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Grace and Beauty (so I’ll know how to live)


Today I started my day by reading Proverbs 4 in The Message by Eugene Peterson. When I’m not sure where to start reading in the Bible I turn to the Proverb of the day. The days of the month coincide with the chapters of the book. Today is Jan 4, 2010.  As I think about the new year; resolutions (or goals), plans, dreams and priorities, it was good to be reminded of a few simple truths. Here is the whole passage, to see how these verses impacted me today click through to read more.

Proverbs 4 The Message

by Eugene Peterson

Your Life Is at Stake

1-2 Listen, friends, to some fatherly advice; sit up and take notice so you’ll know how to live.
I’m giving you good counsel;
don’t let it go in one ear and out the other.

3-9 When I was a boy at my father’s knee,
the pride and joy of my mother,
He would sit me down and drill me:
Take this to heart. Do what I tell you—live!
Sell everything and buy Wisdom! Forage for Understanding!

Don’t forget one word! Don’t deviate an inch!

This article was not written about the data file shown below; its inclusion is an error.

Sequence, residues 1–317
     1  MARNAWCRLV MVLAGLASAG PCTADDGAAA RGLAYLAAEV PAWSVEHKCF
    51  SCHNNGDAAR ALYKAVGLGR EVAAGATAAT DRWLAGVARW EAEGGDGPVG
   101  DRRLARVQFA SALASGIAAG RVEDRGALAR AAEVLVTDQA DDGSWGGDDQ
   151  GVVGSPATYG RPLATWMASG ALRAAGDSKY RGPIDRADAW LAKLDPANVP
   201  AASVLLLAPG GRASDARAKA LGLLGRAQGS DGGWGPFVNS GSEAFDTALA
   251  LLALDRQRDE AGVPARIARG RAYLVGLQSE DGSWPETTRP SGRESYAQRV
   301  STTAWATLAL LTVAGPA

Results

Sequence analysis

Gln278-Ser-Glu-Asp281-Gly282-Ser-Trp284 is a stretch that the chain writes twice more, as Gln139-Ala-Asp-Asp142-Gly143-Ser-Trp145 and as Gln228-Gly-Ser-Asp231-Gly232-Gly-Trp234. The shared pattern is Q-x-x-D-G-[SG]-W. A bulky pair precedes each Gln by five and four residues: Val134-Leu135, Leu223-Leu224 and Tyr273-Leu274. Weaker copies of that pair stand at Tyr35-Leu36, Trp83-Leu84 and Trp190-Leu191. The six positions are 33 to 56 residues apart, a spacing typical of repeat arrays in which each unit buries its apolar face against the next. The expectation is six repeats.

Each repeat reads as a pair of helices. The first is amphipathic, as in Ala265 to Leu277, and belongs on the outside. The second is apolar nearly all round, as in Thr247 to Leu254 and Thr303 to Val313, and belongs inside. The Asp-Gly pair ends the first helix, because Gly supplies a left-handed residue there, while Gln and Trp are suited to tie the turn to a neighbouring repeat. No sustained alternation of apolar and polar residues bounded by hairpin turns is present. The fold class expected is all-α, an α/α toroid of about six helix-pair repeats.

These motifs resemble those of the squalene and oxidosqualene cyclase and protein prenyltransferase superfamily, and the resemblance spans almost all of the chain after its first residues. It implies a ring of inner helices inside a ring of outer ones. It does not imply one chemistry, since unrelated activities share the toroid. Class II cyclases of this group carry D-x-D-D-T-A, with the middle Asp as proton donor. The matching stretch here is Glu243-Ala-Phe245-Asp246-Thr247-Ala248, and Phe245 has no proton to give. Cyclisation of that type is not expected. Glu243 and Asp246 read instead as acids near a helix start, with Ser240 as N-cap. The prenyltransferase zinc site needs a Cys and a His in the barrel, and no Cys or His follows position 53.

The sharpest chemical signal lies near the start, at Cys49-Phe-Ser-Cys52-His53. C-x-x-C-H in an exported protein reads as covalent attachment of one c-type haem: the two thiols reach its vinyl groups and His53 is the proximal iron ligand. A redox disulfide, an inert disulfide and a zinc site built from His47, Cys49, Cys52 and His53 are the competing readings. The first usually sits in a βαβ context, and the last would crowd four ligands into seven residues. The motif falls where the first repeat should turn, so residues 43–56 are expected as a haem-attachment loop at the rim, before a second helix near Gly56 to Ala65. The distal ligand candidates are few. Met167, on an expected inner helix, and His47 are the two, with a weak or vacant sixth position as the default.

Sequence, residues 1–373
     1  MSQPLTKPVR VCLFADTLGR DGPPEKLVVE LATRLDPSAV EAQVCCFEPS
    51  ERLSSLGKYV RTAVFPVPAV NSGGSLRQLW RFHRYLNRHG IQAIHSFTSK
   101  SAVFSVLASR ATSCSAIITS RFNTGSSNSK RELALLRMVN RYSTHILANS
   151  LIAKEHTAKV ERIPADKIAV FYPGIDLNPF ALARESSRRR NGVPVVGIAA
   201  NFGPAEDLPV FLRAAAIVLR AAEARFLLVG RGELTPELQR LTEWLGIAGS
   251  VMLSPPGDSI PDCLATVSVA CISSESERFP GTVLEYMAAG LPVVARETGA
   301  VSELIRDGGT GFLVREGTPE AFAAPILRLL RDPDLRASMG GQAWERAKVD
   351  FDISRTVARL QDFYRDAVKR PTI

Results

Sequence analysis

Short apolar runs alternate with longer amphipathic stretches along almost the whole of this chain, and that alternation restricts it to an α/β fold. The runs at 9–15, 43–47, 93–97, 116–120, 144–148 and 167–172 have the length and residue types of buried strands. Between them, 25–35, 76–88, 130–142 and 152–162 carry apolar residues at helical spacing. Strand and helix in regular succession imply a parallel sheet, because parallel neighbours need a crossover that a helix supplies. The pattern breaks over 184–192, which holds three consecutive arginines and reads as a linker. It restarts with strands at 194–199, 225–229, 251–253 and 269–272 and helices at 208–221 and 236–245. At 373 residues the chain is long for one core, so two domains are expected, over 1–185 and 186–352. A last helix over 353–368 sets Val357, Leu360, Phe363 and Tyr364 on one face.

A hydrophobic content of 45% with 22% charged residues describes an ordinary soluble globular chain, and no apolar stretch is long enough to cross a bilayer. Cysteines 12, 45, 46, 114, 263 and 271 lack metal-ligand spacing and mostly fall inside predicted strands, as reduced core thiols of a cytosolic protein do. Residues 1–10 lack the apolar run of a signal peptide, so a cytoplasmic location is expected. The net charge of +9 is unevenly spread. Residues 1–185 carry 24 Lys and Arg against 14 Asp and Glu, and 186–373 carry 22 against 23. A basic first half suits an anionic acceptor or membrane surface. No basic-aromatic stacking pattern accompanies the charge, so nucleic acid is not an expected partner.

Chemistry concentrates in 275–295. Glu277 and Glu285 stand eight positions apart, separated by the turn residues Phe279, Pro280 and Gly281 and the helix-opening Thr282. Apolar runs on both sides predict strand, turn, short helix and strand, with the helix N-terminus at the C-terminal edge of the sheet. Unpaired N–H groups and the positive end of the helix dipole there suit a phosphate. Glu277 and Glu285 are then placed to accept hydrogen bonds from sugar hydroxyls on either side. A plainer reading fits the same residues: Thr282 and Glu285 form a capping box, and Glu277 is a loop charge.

Never walk away from Wisdom—she guards your life;
love her—she keeps her eye on you.
Above all and before all, do this: Get Wisdom!
Write this at the top of your list: Get Understanding!
Throw your arms around her—believe me, you won’t regret it;
never let her go—she’ll make your life glorious.
She’ll garland your life with grace,
she’ll festoon your days with beauty.”

10-15 Dear friend, take my advice;
it will add years to your life.
I’m writing out clear directions to Wisdom Way,
I’m drawing a map to Righteous Road.
I don’t want you ending up in blind alleys,
or wasting time making wrong turns.
Hold tight to good advice; don’t relax your grip.
Guard it well—your life is at stake!
Don’t take Wicked Bypass;
don’t so much as set foot on that road.
Stay clear of it; give it a wide berth.
Make a detour and be on your way.

16-17 Evil people are restless
unless they’re making trouble;
They can’t get a good night’s sleep
unless they’ve made life miserable for somebody.
Perversity is their food and drink,
violence their drug of choice.

18-19 The ways of right-living people glow with light;
the longer they live, the brighter they shine.
But the road of wrongdoing gets darker and darker—
travelers can’t see a thing; they fall flat on their faces.

Learn It by Heart

20-22 Dear friend, listen well to my words;
tune your ears to my voice.
Keep my message in plain view at all times.